The Canterbury Tales Themes Lesson Plan
- 30 pages
- Subject: Character Analysis, Themes, Lesson Plans and Educational Resources
- Common Core Standards: RL.11-12.10, RL.11-12.2, RL.11-12.3, RL.11-12.4
- Grade Levels: 11, 12, Undergraduate
The Role of Fate and Free Will in “The Knight’s Tale”
This lesson plan focuses on the theme of fate vs. free will in “The Knight’s Tale.” Students will closely examine the different conversations between the main characters and their respective gods—Venus, Mars, and Diana—to evaluate how the text explores the tension between fate and free will. Students will discuss their observations in order to interpret the role and function of this theme within the story. Upon completing this lesson plan, students will be better able to identify and critically analyze thematic elements within the text to justify their own interpretations of themes in “The Knight’s Tale.”
Skills: close reading, drawing themes from plot points and specific language, textual interpretation
Learning Objectives: By the end of this lesson, students will be able to
- recognize and describe the three types of appeals the characters make to control their fate
- interpret and discuss textual examples in order to determine the theme of a text
- compare multiple interpretations of the text to clarify or challenge themes identified by one another
- justify their identification of themes by citing details from the text
About This Document
Owl Eyes lesson plans have been developed to meet the demanding needs of today’s educational environment and bridge the gap between online learning and in-class instruction. The main components of each plan include the following:
- An introduction to the text
- A step-by-step guide to lesson procedure
- Previous and following lesson synopses for preparation and extension ideas
- A collection of handouts and worksheets complete with answer keys
Each of these comprehensive, 60-minute plans focus on promoting meaningful interaction, analytical skills, and student-centered activities, drawing from the Common Core Standards for English Language Arts and the expertise of classroom teachers.
Introduction to the Lesson
As one of the foundational texts in the English canon, Chaucer’s The Canterbury Tales is an estates satire, a literary genre from the Middle Ages that presents and critiques the social structure of medieval England. English society in the Middle Ages consisted of three estates: the Church, the Nobility, and the Peasantry.
In The Canterbury Tales, representatives of each of the three estates are among the religious pilgrims making their way to the shrine of Thomas Becket at Canterbury Cathedral. In describing the pilgrims and indirectly contrasting them with one another, Chaucer holds some up to ridicule while extolling the virtues of others. Their characters are also developed through the tales they choose to tell on the way to Canterbury.
Among the pilgrims, none is more revered than the Knight, a member of the nobility who is, in fact, noble in every way. Distinguished, wise, courageous, humble, and faithful, he is “a true, a perfect gentle knight,” one who has “followed chivalry” since the first day he “began to ride abroad.” Chivalry as defined in Chaucer’s description of the Knight is fealty to “truth, honor, generousness and courtesy.” It is fitting then, and consistent with the Knight’s character, that he tells a tale of classic, chivalric romance.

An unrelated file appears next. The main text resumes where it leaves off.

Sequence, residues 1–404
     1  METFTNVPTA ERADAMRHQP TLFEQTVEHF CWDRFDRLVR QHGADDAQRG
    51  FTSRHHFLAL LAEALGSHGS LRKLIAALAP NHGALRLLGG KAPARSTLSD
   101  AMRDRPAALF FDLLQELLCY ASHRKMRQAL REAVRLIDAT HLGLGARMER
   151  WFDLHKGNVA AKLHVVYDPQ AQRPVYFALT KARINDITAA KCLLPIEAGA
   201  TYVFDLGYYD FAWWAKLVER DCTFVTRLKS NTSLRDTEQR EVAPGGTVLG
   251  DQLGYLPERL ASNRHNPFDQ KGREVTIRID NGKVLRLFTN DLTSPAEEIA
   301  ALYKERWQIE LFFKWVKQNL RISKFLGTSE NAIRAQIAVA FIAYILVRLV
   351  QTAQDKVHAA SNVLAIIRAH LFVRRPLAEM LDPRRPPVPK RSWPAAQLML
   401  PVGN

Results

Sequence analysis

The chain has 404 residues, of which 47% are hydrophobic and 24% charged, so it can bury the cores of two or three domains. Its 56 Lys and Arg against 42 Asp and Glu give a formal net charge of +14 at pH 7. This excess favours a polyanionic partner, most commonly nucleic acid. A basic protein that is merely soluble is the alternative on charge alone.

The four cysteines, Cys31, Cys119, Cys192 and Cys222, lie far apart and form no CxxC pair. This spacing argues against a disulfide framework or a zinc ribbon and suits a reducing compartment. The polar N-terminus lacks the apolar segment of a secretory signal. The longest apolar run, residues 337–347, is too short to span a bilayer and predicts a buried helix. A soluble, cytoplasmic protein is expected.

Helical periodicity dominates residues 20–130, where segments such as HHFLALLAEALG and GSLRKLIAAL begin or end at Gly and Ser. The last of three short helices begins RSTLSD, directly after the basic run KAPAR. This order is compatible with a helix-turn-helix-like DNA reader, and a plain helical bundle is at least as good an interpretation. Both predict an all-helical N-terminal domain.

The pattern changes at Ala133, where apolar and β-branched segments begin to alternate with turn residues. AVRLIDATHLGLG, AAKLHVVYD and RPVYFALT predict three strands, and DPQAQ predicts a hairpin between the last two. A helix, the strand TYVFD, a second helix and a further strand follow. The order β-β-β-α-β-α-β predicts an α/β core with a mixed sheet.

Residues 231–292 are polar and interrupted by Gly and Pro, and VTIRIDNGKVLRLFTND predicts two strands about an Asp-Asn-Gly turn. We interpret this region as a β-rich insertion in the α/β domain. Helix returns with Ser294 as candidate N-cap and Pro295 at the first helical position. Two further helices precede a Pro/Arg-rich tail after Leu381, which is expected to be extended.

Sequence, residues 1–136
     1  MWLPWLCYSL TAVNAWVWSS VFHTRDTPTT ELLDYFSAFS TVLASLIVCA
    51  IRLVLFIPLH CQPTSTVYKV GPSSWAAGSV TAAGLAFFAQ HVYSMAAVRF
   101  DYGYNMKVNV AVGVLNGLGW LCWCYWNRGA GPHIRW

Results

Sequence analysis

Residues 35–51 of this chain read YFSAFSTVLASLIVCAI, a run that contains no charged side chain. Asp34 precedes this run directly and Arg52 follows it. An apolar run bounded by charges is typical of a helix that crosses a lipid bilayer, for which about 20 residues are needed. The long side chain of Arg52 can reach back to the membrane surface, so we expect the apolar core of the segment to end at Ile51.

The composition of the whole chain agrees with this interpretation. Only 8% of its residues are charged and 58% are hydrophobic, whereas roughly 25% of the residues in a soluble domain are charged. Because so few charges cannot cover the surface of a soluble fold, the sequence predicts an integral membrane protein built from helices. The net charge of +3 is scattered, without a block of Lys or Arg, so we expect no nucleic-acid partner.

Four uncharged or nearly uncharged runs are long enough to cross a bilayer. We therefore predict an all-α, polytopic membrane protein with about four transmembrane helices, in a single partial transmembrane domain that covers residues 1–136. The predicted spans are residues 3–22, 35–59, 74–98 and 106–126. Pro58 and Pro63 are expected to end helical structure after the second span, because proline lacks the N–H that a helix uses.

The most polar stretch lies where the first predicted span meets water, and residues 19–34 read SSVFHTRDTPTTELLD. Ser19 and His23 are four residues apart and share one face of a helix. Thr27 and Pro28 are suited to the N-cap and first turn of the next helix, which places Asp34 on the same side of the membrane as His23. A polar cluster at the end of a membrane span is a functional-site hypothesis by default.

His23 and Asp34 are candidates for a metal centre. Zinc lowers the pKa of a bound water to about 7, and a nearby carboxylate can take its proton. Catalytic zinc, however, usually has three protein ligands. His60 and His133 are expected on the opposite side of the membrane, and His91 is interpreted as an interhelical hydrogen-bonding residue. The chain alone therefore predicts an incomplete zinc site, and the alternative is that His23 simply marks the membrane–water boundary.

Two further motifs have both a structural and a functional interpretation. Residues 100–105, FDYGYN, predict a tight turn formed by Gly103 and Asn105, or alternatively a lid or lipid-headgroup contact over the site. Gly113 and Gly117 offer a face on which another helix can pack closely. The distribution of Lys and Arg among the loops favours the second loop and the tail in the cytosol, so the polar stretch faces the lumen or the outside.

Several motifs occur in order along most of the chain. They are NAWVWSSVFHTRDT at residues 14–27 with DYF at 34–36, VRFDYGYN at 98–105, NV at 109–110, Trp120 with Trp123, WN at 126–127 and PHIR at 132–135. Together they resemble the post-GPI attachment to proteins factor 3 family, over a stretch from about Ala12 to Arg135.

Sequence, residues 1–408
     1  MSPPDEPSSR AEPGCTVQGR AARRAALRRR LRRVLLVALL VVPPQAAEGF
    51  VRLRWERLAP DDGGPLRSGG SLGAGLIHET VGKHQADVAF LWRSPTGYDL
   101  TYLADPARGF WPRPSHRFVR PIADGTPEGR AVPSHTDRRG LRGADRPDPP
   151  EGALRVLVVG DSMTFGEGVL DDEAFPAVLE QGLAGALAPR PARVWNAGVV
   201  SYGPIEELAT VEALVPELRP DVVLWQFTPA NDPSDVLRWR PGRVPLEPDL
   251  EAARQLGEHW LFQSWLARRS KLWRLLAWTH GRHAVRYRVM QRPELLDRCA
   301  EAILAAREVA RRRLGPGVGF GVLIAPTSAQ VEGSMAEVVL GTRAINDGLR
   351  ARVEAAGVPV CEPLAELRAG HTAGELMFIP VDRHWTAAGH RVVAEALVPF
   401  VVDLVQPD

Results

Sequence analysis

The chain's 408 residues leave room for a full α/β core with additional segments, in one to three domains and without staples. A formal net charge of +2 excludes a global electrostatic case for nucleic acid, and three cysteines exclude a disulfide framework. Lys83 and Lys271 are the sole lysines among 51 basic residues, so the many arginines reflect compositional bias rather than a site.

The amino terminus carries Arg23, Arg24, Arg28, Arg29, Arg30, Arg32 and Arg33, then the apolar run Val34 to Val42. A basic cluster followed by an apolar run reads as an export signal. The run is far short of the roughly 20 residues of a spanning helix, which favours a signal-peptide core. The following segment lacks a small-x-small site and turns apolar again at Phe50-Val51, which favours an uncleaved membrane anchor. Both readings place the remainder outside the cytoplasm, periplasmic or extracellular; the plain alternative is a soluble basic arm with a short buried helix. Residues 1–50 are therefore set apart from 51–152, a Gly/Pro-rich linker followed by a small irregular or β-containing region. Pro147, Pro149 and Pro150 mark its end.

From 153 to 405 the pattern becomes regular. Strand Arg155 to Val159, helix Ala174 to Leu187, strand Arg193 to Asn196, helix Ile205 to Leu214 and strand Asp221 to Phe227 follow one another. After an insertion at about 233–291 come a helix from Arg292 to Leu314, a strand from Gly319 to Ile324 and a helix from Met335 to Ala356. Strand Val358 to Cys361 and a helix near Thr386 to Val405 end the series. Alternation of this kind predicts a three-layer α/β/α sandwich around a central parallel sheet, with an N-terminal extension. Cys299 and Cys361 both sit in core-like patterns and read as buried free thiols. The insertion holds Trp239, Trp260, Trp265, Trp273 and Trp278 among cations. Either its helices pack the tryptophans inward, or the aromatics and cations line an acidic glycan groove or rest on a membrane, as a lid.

In “The Knight’s Tale,” two knights desire a chaste woman and must fight each other to win her hand in marriage. The story is set in historical Greece under the rule of Theseus and Hippolyta. While imprisoned in Theseus’s court, Arcita and Palamon fall in love with Hippolyta’s sister Emily. The two knights fight over fair Emily until both gain freedom by twists of fate. Though Arcita and Palamon are set free, they return to Theseus’s kingdom to pursue their love. When they are caught, they make the chivalrous decision to fight each other to the death for the maid’s hand, and each of them seeks help from one of the gods in order to secure the destiny he desires.
The Greek gods and fate play a significant role in determining the outcome of this story. However, Arcita and Palamon also appear to exercise free will in shaping their futures. In one scene in particular, the characters go to the temples of different gods and pray for their individual desires. Through each character’s interaction with the gods, Chaucer explores the concept of free will in a world ruled by ancient fate and medieval fortune.
“Passage Analysis Worksheet”
Use specific examples from the text in order to answer the following questions. For example, do not simply state what the tone of the appeal is; state the specific words or metaphors that make you believe that this is the tone. You can paraphrase, write down line numbers, or pull out specific words/metaphors; do not copy full lines or sections of the text into this worksheet.
Why does your character appeal to this god? What does this tell us about the character’s desires (or vision for the future)?
How does the character address the god? What is the tone of their appeal? (Demanding? Pleading? Flattering? Familiar? Servile?) What does the character offer to give to the god or to do for the god? Why?
Does the character explicitly or implicitly address fortune in the appeal to the god? What does this appeal say about the character’s relationship to the idea of fate or fortune?
Does the character explicitly or implicitly address fortune in reacting to the god’s response? What does this reaction say about the character’s relationship to the idea of fate or fortune?
In the lines following these three appeals, the narrator tells us that Saturn decides to grant all three appeals. In light of this, how can these three signs be seen as an act of free will? How can they be seen as a submission to fate?